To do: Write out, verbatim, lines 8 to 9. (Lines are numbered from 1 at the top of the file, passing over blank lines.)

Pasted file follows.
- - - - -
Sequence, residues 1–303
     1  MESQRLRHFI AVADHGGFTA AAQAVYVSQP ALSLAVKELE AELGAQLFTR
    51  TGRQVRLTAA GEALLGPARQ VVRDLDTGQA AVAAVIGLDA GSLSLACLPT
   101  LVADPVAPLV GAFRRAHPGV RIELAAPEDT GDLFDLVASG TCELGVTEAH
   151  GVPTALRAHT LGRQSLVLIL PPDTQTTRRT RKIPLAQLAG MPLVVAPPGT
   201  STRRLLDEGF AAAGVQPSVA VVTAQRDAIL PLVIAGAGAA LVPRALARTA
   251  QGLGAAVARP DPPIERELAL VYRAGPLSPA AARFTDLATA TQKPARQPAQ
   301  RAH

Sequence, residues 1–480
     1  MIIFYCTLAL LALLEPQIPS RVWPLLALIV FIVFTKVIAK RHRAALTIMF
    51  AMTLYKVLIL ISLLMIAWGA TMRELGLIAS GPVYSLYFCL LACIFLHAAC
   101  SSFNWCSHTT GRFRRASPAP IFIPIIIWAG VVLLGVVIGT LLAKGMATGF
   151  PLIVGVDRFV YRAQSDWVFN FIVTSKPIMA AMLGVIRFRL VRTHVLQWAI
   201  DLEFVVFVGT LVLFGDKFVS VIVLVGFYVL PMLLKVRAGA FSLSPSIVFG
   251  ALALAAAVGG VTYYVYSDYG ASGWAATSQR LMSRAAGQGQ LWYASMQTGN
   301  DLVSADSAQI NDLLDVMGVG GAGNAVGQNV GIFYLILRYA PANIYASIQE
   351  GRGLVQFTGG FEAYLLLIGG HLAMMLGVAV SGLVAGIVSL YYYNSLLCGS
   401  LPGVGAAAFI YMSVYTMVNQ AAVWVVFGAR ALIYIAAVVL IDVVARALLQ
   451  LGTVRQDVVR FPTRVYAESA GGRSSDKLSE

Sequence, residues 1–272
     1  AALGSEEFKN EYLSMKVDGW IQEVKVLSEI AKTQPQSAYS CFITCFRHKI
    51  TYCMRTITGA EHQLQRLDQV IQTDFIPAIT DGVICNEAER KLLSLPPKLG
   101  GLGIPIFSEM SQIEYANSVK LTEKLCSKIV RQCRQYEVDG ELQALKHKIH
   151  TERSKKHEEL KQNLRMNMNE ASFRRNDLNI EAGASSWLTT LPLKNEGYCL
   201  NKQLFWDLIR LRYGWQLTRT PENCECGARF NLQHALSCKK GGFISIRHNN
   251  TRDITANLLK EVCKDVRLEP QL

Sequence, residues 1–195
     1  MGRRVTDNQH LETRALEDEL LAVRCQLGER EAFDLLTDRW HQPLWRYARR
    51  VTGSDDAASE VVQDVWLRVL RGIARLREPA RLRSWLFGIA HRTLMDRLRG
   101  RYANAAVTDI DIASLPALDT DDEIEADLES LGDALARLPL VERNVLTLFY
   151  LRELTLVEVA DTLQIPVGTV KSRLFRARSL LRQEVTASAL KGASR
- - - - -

   301  RAH

Sequence, residues 1–480